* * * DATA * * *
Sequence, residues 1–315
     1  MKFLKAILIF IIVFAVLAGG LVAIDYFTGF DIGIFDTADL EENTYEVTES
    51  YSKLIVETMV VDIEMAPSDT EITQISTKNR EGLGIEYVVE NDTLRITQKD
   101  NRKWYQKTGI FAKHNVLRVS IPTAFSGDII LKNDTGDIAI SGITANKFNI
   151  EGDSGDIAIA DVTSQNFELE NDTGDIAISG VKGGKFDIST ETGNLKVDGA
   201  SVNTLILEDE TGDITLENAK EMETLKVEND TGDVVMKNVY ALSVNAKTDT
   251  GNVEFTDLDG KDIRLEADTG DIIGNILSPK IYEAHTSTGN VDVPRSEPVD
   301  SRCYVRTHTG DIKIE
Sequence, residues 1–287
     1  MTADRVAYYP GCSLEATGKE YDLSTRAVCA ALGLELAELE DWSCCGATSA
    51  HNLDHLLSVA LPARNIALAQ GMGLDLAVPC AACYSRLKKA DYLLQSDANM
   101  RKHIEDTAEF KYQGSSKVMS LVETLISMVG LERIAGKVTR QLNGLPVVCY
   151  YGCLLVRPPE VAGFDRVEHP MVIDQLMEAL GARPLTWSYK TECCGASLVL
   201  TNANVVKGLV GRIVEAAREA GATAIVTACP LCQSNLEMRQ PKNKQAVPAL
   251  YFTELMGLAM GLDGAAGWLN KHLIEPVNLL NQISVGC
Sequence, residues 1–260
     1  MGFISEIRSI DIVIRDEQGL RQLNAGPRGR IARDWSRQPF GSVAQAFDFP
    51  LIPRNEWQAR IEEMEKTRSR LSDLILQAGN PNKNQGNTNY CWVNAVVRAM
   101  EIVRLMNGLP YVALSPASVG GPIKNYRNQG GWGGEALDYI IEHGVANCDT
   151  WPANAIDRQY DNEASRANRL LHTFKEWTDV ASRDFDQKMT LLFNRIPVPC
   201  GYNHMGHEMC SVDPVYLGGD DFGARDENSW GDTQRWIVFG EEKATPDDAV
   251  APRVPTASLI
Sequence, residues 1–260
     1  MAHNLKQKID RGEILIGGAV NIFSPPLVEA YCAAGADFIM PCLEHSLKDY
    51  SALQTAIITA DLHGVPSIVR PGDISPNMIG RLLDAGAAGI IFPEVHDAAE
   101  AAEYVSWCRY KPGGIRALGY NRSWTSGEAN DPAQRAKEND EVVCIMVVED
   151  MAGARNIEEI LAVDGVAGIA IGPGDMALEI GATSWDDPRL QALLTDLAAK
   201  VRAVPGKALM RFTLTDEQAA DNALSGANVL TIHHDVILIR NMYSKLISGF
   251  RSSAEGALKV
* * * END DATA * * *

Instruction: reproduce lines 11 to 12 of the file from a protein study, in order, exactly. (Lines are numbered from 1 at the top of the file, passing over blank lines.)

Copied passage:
    51  HNLDHLLSVA LPARNIALAQ GMGLDLAVPC AACYSRLKKA DYLLQSDANM
   101  RKHIEDTAEF KYQGSSKVMS LVETLISMVG LERIAGKVTR QLNGLPVVCY